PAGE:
Mesereau's first celebrity client, or at least the first one who received publicity, was heavyweight boxing champ Mike Tyson, who was investigated for sexual assault in San Bernardino County. Mesereau persuaded prosecutors not to file charges.
The Blake case catapulted Mesereau to fame, although he didn't last until the trial. Blake was known as a difficult client, and Mesereau was the second high-profile lawyer to leave the case before trial.
Soon afterward, Jackson's family begged him to take the criminal child molestation case, replacing attorneys Mark Geragos and Ben Brafman. The Jackson family told him he came highly recommended by Johnnie L. Cochran Jr., who won acquittal for O.J. Simpson.
Mesereau still cringes when he talks about the circus atmosphere surrounding the Jackson case. "Mountains were made out of molehills," he said. "The case was characterized by crisis, shock and confusion."
In "Defending Michael," an article Mesereau wrote for the Los Angeles Daily Journal, a legal newspaper, he recalled the morning Jackson hurt his back, went to the hospital and was late for court. When the judge threatened to revoke bail, Mesereau ordered his client to come to court, immediately.
"His pajama bottoms became a media feast," Mesereau recalled. "But they had no bearing on the trial or verdict. The jury foreman later informed me that no juror even noticed Michael's pants, or lack thereof."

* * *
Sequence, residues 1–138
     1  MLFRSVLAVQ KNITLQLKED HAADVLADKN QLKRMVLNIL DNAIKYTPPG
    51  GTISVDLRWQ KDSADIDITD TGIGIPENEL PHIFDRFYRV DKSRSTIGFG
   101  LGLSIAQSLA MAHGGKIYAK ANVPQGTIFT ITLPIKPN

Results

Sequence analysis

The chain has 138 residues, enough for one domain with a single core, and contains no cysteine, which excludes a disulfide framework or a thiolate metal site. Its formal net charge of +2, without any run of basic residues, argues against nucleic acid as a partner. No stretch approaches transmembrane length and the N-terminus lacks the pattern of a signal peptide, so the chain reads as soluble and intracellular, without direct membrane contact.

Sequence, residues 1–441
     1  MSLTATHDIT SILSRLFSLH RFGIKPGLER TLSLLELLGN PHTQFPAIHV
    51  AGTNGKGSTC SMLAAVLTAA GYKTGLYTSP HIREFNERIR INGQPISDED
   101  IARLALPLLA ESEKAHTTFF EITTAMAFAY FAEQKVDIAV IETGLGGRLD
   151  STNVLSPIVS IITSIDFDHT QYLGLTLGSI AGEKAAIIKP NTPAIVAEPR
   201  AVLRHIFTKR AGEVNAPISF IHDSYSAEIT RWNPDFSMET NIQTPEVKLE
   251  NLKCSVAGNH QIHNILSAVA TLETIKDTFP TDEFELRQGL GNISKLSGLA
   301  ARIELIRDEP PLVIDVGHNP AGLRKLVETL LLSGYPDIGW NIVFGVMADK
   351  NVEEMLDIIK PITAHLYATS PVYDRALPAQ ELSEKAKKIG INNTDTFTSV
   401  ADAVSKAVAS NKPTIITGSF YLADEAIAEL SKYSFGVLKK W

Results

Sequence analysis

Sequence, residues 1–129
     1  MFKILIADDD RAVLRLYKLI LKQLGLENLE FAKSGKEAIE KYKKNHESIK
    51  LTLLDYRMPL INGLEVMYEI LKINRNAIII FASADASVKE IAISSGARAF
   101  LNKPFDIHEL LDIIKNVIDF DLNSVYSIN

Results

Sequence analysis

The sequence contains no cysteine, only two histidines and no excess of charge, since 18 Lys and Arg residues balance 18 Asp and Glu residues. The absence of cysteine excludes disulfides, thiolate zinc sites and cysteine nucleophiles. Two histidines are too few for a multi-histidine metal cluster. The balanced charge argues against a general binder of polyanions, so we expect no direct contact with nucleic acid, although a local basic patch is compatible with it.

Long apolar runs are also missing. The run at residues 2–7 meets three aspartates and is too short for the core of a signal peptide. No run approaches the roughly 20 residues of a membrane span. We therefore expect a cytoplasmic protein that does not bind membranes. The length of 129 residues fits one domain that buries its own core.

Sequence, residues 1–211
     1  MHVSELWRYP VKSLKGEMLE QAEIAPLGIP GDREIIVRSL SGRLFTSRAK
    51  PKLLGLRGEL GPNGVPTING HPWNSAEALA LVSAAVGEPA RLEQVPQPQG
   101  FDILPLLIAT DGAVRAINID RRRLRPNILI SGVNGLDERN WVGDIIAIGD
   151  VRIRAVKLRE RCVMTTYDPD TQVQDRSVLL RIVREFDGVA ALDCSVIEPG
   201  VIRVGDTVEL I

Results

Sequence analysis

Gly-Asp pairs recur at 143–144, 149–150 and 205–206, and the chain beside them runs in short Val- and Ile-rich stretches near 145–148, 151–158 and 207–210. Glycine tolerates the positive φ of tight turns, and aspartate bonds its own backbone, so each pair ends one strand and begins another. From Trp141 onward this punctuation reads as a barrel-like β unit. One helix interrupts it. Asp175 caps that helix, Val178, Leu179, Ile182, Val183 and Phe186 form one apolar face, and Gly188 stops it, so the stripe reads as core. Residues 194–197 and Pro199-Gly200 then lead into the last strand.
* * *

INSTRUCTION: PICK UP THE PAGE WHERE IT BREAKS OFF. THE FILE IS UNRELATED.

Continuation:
Mesereau defied conventional wisdom in a case involving children, aggressively grilling the young accuser, who was a cancer survivor. And he brought the jury into Michael Jackson's world.
"He was a very kind-hearted, gentle, sensitive, intuitive artist who truly believed he could heal the world in some positive way," Mesereau told CNN. But, he added, "He attracted one profiteer after another. There was loneliness, isolation, distrust. The cruelest thing of all was taking children and turning children against him."
Jackson was acquitted of all charges -- a verdict that surprised many. But Mesereau saw it coming. "I thought we were winning all along," he said, even though media reports indicated otherwise.
During the trial, Mesereau fended off encroachments from other lawyers who, he said, "were constantly trying to get to Michael." Reporters called up old girlfriends, digging for dirt. Journalists tried to cozy up to the lawyer, promising favors for inside tips.
He hasn't tried a celebrity case since, although in Los Angeles, his defense of real estate agent to the stars Joe Babajian received plenty of attention. Babajian, who was accused of mortgage fraud in federal court, was acquitted of 13 counts, and the jury hung on the remaining 8 charges.
Mesereau knows the Jackson case is part of his legacy.
"No matter what I do in the future, I'll be judged by that case for the rest of my career."
Quote: "Big cases either tend to take you sky high or drop you into the pits of hell."
Clients: Michael Jackson, Robert Blake, Mike Tyson
Personal: He's traveling to Alabama this month to defend an African-American man facing the death penalty for allegedly executing a man over a drug debt. None of his clients has received the death penalty.